The person who has signed onto the phone is not necessarily the person using the phone. If you’re a parent who has ever handed your phone to a child, or you’re a teenager who has unlocked your phone and handed it to a friend, you know that this behavior happens all the time.
Because of this common practice of logging on to a device and sharing it with a friend, a new trend in behavioral science technologies has emerged that can detect who is using a device (or at least know it’s not the owner) purely by watching how the user interacts with the applications. By looking for anomalies in behavior, they can see that the primary user is no longer using the device.
“And by continually looking at that, you get a continual login,” explained Edward Haletky (@texiwill), managing director of The Virtualization Practice, in our conversation at the 2015 RSA Conference in San Francisco.
This behavior of handing off authenticated devices to non-authenticated users is extremely common among teens. They’re operating under the assumption that this person is my friend and I can trust them.
“For teenagers, that’s probably enough [trust], but for the business world it’s not,” said Haletky. “Without some sort of behavioral analysis that’s going on there’s no way to tell who’s using the device.”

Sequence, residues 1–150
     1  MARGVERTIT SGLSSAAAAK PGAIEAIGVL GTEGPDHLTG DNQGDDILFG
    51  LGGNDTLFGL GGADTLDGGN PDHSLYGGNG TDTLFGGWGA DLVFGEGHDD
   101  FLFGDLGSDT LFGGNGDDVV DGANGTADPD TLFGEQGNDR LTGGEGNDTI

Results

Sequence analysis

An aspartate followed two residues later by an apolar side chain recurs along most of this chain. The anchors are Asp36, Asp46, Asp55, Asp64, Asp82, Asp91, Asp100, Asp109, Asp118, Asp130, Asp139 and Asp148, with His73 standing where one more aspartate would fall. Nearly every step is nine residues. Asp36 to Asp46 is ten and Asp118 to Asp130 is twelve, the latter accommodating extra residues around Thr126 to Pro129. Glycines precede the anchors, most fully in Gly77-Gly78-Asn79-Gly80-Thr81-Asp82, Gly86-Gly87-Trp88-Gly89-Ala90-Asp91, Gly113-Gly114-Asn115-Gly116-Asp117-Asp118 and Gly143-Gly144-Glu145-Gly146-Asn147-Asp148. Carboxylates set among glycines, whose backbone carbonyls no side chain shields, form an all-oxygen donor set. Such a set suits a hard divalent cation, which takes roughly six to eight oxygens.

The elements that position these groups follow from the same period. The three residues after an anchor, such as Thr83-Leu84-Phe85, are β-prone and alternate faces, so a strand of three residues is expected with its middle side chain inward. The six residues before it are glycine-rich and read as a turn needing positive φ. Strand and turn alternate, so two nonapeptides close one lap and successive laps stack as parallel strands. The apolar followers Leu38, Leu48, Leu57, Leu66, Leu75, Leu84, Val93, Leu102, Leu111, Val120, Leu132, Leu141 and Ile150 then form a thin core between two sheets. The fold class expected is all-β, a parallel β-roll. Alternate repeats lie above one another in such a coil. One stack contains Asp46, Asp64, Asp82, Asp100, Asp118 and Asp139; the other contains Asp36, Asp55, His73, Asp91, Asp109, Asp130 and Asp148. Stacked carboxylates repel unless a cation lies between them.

This is something businesses have to worry about now because these teenagers will be in the workforce very soon. And young people do not adapt well to new stringent rules of security and communications. Given the level of shadow IT, companies have to adapt to new forms of communications and how people manage their data and devices, said Haletky.
“If you’re doing this with your kids and your kids are doing this with their friends, this is the next workforce. They’re going to constantly do it. You just can’t change a person’s behavior by saying, ‘You have to be more secure,’” said Haletky. “Your security just has to adapt to go with them and make it more secure.”